Monday, October 22, 2018

Movie Review: The Hate U Give

The Hate U Give **** / *****
Directed by: George Tillman Jr.
Written by: Audrey Wells based upon the novel by Angie Thomas.
Starring: Amandla Stenberg (Starr Carter), Regina Hall (Lisa Carter), Russell Hornsby (Maverick 'Mav' Carter), Anthony Mackie (King), Issa Rae (April Ofrah), Common (Carlos), Algee Smith (Khalil), Sabrina Carpenter (Hailey), K.J. Apa (Chris), Dominique Fishback (Kenya), Lamar Johnson (Seven Carter), TJ Wright (Sekani), Megan Lawless (Maya), Rhonda Johnson Dents (Miss Rosalie).
The Hate U Give has to try and accomplish so much in its 135-minute runtime, that its amazing it pulls off as much as it does – and its inevitable, that some of it will play more like an afterthought. It’s based on a Young Adult novel by Angie Thomas – and you can tell the movies roots in some its broadest elements, the way the screenplay gives everyone a monologue in which they make explicit how they feel, and how the story chooses to wrap everything up in the end. You could easily dismiss the film as being a Black Lives Matter for teens primer, if you want to, and perhaps that’s even fair. But someone, more often than not, The Hate U Give works – at its most basic level, it is the story a young, black girls’ political coming of age – how she becomes radicalized, because that seems like the only choice. If it’s all wrapped up in too simple a package – so be it. I think teenagers need to hear this message – and I know a lot of adults who need to as well.
The story focuses on Starr (Amandla Stenberg), a young black girl who lives in the crime ridden inner city, but who goes to the affluent, white suburbs to attend high school. She makes it clear in the beginning that she torn between two worlds – she cannot be too much school Starr in her neighborhood, because it would make her look weak, but she cannot be too much home Starr at school, as it may make her look “ghetto”. Almost all her classmates are white – and they embrace black culture, like slang and music, but Starr is smart enough to know they can do that, and still shrug it off when they want to – that’s called white privilege, and she doesn’t have it. The story really gets started at a party in her neighborhood one weekend – a party she flees with Khalil (Algee Smith) after an argument leads to a gun being drawn. She has known Khalil since they were kids, but they’ve drifted apart in recent years – her because she goes to that white school, and him because his grandma has gotten sick, and the only way to make money is to sell drugs. And if you sell drugs in that neighborhood, you work for King (Anthony Mackie). A cop, of course, will pull Khalil and Starr over on the way home from the party, and of course, confusion over a hair brush, will end with Khalii dead in the street. The moral question at the core is whether Starr will stand up for her friend and testify. Will it make a difference, or will it be yet another cop getting away with murder? Will telling what she knows about King, make him angry and come after her? Her father, Maverick (Russell Hornsby) used to work for King – but got out years ago after a stint in prison – he now runs a convenience store.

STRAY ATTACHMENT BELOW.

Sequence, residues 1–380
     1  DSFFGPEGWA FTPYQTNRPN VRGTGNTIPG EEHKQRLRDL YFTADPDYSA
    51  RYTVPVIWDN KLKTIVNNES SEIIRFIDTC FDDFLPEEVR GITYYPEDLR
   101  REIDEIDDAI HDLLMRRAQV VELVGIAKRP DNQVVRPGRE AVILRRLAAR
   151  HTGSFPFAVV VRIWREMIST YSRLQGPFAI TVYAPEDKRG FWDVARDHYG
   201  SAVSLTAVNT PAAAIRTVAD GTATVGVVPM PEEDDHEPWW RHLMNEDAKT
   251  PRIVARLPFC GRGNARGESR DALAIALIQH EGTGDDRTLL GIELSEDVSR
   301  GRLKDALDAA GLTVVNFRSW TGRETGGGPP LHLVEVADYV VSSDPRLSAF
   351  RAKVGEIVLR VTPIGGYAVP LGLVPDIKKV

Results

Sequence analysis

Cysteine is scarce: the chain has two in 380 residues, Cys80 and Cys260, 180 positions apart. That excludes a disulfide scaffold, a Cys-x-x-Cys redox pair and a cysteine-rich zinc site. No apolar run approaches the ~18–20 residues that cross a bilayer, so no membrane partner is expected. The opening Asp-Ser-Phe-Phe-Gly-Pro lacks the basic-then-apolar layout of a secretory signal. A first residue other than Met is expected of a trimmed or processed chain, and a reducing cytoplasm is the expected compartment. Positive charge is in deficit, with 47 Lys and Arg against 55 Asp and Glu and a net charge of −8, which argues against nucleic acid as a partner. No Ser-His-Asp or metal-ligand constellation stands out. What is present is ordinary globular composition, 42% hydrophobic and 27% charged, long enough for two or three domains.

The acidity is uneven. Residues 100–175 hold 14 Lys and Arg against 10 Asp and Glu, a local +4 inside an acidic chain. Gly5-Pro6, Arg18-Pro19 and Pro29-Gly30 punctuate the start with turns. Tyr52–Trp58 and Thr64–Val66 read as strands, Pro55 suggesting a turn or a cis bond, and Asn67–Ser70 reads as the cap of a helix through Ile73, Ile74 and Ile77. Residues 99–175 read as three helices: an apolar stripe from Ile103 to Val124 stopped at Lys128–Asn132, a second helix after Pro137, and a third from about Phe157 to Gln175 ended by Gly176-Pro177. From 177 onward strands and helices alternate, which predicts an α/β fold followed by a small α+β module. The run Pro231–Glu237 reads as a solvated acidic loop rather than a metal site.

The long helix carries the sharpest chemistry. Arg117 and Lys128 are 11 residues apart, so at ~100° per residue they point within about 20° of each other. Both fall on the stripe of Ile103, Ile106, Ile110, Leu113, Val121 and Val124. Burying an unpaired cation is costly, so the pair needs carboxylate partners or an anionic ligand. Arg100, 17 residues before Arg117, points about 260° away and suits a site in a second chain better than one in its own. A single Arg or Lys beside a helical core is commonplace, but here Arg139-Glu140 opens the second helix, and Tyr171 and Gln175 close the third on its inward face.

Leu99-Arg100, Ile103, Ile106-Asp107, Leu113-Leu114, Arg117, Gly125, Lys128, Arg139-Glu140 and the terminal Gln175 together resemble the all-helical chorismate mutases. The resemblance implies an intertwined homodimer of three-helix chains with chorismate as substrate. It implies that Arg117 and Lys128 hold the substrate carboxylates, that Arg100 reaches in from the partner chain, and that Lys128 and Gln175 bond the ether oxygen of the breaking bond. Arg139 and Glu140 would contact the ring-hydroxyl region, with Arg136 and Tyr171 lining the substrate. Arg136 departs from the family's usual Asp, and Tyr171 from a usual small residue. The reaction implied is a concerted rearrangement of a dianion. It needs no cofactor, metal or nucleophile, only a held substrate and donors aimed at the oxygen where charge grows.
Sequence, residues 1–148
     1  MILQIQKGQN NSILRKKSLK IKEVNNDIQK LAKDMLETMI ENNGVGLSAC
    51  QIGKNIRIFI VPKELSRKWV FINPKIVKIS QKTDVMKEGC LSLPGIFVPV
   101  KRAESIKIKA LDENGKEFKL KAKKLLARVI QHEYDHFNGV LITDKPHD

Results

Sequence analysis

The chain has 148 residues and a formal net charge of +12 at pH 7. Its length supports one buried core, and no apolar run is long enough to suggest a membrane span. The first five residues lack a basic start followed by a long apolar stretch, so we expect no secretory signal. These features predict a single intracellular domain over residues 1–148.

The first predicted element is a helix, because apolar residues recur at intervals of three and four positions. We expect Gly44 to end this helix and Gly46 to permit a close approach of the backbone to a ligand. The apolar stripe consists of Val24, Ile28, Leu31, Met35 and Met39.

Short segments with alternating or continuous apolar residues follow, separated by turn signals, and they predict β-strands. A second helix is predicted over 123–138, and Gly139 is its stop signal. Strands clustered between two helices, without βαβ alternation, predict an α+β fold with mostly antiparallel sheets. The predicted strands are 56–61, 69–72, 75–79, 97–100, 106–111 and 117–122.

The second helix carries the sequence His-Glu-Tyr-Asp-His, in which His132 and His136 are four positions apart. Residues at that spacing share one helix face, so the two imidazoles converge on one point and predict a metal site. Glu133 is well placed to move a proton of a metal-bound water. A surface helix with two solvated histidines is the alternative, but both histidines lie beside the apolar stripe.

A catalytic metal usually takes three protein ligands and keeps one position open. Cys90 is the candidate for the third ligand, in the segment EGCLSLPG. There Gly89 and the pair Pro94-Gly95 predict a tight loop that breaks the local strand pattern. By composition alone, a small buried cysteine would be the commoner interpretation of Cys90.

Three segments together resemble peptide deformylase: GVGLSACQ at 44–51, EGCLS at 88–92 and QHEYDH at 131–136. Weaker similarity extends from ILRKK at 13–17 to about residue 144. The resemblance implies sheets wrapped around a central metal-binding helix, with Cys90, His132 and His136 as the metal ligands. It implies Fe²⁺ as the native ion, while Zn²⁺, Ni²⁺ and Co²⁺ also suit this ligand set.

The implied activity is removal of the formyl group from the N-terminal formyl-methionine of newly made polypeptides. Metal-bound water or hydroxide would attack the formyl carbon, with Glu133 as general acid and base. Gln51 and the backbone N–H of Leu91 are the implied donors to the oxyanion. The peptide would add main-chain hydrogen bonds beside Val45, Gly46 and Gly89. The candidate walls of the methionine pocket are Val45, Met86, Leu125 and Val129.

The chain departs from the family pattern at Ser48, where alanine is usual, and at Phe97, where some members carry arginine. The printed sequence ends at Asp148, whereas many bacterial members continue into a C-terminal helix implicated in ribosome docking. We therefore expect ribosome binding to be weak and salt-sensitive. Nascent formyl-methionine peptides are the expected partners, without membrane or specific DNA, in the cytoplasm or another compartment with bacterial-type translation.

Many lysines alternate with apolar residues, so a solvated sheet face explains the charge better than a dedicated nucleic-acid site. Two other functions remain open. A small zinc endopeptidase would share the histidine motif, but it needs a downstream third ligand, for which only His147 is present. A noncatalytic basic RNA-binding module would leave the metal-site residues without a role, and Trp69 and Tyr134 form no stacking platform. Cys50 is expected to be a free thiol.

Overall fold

There are more subplots – a lot more subplots. About her white boyfriend, Chris (K.J. Apa), or her white friends in school – who when confronted with the reality will not take it well. About her mother Lisa (Regina Hall), her half-brother Seven (Lamar Johnson), fathered by Maverick during a brief breakup with Lisa, whose mother now lives with King. Of her younger brother Sekani (TJ Wright), always smiling. About April Ofrah (Issa Rae), an activity for an organization called Just Us for Justice, which is a way of bringing up Black Lives Matter, without saying the words. About her uncle Carlos (Common), a cop himself, who believes in the system, although in a powerful moment recognizes that he might have acted the same way with Khalil – but not a white man in the same situation. And on, and on and on. You can cram all of these plots into a book – or a TV show – it’s hard to do so in a movie and not make it feel overstuffed. Director George Tillman Jr. does an admirable job of doing just that.
It’s perhaps even more admirable that Tillman and company find a way to portray systematic racism, instead of individual racism. Movies, most often, excel at being stories about people, not systems, which is why it seems like other recent movies that try and cover similar ground (be it Detroit or Three Billboards outside Ebbing, Missouri) tend to look more at bad apples, than a system wide failure. Here, culminating in a riot, the film gets the balance right.
It’s everything after that riot – where Starr yells back at the police through a bullhorn, and throws the teargas back at them, that doesn’t really work. That scene is a powerful climax – that shows the violence, yet shows how inevitable it is when people are systematically oppressed, and shoved into a corner, that works wonderfully. After, there are scenes at her father convenience store, and then a wrap-up montage, that feel false and forced. It feels designed to make the audience feel better rather than a natural end of the movie.
Still, so much of the movie works – even the monologues – that the ending is a blip instead of a fatal flaw. You will leave remembering Common’s scene, admitting his own bias, or the scene where Hall explains why she stayed with Maverick, or when Hornsby explains his worldview. And you will remember the remarkable performance by the young Stenberg. Sure, the movie is too long and overstuffed, and has a cluttered, inauthentic ending. But what it does well is more than enough to overcome what it doesn’t.

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